The National Uniformity for Food Act has passed the US House of Representatives bringing applause from the food industry but criticism from consumer groups.

Under the bill, states need FDA approval for labelling requirements differing from federal standards, changing current laws allowing states to adopt warnings or label rules that exceed federal standards.

The Food Products Association (FPA) reiterated comments, made before the passage of the bill, that consumers across the US deserve standards governing warning requirements associated with labelling, advertising and other forms of communication by food companies.

“The Food Products Association applauds the House for passing the National Uniformity for Food Act,” said Cal Dooley, president and CEO of the FPA.

In contrast, consumer groups Consumers Union and Consumer Federation of America have today (9 March) criticised the House for approving what they call a “controversial bill that would wipe out at least 200 state laws without putting in place additional federal standards.”

How well do you really know your competitors?

Access the most comprehensive Company Profiles on the market, powered by GlobalData. Save hours of research. Gain competitive edge.

Company Profile – free sample

Thank you!

Your download email will arrive shortly

Not ready to buy yet? Download a free sample

We are confident about the unique quality of our Company Profiles. However, we want you to make the most beneficial decision for your business, so we offer a free sample that you can download by submitting the below form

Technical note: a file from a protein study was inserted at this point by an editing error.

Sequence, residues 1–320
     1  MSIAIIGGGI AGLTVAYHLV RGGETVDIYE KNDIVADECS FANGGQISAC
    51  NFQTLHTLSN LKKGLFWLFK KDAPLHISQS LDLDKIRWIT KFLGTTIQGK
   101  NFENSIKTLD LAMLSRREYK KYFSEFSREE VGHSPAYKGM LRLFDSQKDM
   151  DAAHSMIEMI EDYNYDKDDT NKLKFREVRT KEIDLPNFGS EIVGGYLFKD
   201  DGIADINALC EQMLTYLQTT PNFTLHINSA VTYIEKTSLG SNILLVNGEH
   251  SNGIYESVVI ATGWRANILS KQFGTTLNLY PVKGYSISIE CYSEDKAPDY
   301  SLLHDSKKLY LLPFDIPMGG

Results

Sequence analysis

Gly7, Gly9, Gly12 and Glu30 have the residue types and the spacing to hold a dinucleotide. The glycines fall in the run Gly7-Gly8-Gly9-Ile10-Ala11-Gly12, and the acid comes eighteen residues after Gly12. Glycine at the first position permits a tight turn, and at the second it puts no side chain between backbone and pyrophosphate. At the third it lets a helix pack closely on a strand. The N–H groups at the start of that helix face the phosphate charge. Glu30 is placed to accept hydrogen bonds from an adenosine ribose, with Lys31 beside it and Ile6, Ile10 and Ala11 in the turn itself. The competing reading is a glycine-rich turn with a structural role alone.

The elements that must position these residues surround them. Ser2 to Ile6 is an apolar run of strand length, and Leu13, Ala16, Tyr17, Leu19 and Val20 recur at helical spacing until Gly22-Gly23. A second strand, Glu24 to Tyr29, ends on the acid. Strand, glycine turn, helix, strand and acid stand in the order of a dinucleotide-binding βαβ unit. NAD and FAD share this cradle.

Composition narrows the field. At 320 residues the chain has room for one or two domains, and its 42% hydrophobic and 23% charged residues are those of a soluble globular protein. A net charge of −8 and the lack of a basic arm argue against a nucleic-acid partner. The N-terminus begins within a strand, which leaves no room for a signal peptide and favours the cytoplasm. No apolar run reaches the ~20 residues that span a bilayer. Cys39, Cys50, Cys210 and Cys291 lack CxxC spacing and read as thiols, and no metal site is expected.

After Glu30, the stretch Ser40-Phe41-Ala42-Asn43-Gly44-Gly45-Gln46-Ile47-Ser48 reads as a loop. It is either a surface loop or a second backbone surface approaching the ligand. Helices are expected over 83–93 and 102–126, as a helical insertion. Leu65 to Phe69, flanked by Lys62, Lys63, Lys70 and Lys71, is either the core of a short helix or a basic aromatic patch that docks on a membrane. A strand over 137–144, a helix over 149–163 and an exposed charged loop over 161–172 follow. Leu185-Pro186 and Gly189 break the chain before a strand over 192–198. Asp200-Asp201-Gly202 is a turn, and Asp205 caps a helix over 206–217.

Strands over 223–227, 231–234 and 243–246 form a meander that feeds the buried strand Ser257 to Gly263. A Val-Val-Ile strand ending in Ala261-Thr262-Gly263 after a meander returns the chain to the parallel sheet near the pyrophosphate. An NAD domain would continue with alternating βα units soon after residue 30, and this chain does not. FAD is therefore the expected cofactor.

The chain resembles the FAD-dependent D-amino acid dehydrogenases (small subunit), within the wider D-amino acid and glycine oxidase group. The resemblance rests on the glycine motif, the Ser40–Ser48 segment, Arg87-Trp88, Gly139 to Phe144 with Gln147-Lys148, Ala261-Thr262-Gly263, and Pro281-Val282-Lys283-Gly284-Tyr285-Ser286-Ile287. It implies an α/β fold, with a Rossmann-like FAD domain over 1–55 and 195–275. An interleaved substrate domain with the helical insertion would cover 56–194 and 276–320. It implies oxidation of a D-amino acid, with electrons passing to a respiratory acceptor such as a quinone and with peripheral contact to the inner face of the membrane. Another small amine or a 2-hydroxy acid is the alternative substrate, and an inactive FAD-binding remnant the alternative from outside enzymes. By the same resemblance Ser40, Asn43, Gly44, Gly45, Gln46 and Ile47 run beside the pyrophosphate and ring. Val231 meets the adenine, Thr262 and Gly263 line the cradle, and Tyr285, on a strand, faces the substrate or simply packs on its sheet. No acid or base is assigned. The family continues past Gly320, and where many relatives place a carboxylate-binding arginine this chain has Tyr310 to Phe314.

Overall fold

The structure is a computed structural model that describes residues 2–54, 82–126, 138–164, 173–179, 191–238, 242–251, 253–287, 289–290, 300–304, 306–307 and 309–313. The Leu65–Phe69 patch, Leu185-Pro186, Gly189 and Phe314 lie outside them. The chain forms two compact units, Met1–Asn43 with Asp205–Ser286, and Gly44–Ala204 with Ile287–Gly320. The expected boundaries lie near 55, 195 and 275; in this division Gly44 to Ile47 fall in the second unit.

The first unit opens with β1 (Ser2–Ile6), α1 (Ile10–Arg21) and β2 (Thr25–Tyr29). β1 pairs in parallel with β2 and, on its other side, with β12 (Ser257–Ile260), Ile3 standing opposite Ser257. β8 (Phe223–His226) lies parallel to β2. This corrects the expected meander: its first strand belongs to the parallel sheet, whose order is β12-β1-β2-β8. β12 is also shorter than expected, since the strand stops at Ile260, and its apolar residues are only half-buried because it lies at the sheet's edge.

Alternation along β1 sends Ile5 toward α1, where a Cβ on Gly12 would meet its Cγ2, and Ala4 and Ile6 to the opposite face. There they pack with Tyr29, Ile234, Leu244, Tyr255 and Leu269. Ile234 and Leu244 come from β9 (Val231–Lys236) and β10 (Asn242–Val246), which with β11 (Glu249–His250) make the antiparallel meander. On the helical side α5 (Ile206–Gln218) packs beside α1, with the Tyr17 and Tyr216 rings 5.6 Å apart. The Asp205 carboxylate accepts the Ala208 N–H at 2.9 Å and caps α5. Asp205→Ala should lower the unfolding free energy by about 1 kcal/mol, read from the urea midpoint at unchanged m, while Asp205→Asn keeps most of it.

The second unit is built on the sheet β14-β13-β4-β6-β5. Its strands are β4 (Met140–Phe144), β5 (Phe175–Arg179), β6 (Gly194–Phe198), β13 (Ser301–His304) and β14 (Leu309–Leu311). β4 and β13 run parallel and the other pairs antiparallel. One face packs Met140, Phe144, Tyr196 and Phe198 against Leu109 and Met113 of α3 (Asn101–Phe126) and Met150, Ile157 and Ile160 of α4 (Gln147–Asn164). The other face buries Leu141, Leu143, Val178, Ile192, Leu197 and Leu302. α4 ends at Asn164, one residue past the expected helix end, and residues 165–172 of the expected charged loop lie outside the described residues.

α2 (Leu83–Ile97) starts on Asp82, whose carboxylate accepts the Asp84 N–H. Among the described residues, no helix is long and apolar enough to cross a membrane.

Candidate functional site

By GlobalData
Visit our Privacy Policy for more information about our services, how we may use, process and share your personal data, including information of your rights in respect of your personal data and how you can unsubscribe from future marketing communications. Our services are intended for corporate subscribers and you warrant that the email address submitted is your corporate email address.

Consumers Union policy analyst Susanna Montezemolo said: “It would reduce food safety protections to the lowest common denominator and make states jump through expensive bureaucratic hoops to enact future food safety protections.”

The two groups pointed out the bill’s mounting opposition, including 39 state Attorneys General, as it moves to the Senate – adding in a statement that the “radical” bill had been passed with no hearings on the legislation in the eight years since it was first introduced.